Avoid the HAVING clause, which will filter the result set only after all records have been retrieved. This processing requires sorting, totals, and so on. If you can limit the number of records through the WHERE clause, you can reduce the overhead. On, where, and having these three clauses that can be conditionally, on is the first execution, where is the second, having the last, because on is the first to filter the records that do not meet the criteria before statistics, it can reduce the intermediate operations to deal with the data, It is supposed to be the fastest, where it should be faster than having, because it filters the data before the sum is used on the two table joins, so there is a table where there is a comparison with having. In the case of this single table query statistic, if the condition to be filtered does not involve the calculation of fields, then their result is the same, where the Rushmore technique is used, and the having is not, the slower the latter is slow if it involves a calculated field, it means that before the calculation, The value of this field is indeterminate, according to the workflow in the previous article, where the action time is done before the calculation, and the having is only after the calculation, so in this case the results will be different. On a multiple table join query, on has an earlier effect than where. First, the system is based on the join conditions between the tables, a number of tables into a temporary table, and then filtered by the where, and then calculated, after the calculation by having to filter. Thus, to filter the conditions to play a correct role, first of all to understand how this condition should work, and then decide to put it there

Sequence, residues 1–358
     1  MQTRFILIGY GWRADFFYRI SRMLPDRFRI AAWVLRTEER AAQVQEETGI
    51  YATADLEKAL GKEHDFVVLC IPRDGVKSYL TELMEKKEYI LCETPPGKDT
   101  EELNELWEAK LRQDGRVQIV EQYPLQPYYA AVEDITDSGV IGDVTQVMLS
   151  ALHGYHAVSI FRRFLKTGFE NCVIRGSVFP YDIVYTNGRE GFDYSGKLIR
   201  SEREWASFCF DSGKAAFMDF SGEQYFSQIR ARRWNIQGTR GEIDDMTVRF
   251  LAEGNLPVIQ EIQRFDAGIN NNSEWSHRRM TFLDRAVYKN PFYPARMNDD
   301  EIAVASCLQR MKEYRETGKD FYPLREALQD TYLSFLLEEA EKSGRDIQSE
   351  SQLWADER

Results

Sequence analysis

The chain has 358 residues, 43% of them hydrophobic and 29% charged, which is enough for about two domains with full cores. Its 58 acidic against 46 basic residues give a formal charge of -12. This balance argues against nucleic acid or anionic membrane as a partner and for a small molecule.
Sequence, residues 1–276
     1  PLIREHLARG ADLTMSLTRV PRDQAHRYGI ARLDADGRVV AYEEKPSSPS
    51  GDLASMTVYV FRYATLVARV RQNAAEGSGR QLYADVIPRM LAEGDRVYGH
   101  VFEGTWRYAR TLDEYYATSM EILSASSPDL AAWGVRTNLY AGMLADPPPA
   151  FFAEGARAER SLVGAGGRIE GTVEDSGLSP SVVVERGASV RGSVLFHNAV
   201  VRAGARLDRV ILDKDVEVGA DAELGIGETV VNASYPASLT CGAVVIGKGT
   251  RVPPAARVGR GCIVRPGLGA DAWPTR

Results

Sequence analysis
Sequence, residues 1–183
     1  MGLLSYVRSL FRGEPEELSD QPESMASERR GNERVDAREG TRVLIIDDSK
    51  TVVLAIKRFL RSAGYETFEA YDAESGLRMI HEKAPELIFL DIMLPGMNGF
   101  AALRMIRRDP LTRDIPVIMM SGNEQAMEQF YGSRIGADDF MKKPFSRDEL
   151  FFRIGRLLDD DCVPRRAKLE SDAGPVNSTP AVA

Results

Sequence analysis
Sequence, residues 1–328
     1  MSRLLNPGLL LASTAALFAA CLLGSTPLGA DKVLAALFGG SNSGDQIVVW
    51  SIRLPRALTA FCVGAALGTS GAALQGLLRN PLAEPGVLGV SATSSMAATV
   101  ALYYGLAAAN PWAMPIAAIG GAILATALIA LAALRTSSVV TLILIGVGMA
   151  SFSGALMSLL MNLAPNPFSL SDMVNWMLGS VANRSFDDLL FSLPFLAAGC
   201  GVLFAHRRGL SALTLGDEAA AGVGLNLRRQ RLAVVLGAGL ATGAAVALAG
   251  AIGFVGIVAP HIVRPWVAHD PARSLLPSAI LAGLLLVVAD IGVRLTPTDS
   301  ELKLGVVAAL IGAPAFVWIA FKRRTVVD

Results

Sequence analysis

(12) Reduce the query to the table:
in SQL statements that contain subqueries, you should pay special attention to reducing queries to tables. Example:
Select Tab_name from TABLES WHERE (tab_name,db_ver) = (select
tab_name,db_ver from tab_columns WHERE VERSION = 604)
(13) improves SQL efficiency through internal functions.:
complex SQL often sacrifices execution efficiency. It is very meaningful to master the method of solving the problem by using the function
(14) using a table alias (alias):
When connecting multiple tables in an SQL statement, use the alias of the table and prefix the alias with each column. This allows you to reduce parsing time and reduce syntax errors caused by column ambiguity.
(15) substituting exists instead of in, using not exists instead of in:
in many queries based on the underlying table, it is often necessary to join another table in order to satisfy one condition. In this case, using EXISTS (or not EXISTS) usually increases the efficiency of the query. In a subquery, the NOT IN clause performs an internal sort and merge. In either case, not in is the least efficient (because it performs a full table traversal of the table in the subquery). In order to avoid using not in, we can rewrite it as an outer join (Outer joins) or not EXISTS.
(Efficient) SELECT * from EMP (base table) where EMPNO > 0 and EXISTS (select ' X ' from DEPT where DEPT. DEPTNO = EMP. DEPTNO and LOC = ' MELB ')
(Inefficient) SELECT * from EMP (base table) WHERE EMPNO > 0 and DEPTNO in (SELECT DEPTNO from DEPT where LOC = ' MELB ')
(16) identifies the ' inefficient execution ' of the SQL statement:
Although various graphical tools for SQL optimization are emerging, it is always a good idea to write your own SQL tools to solve problems: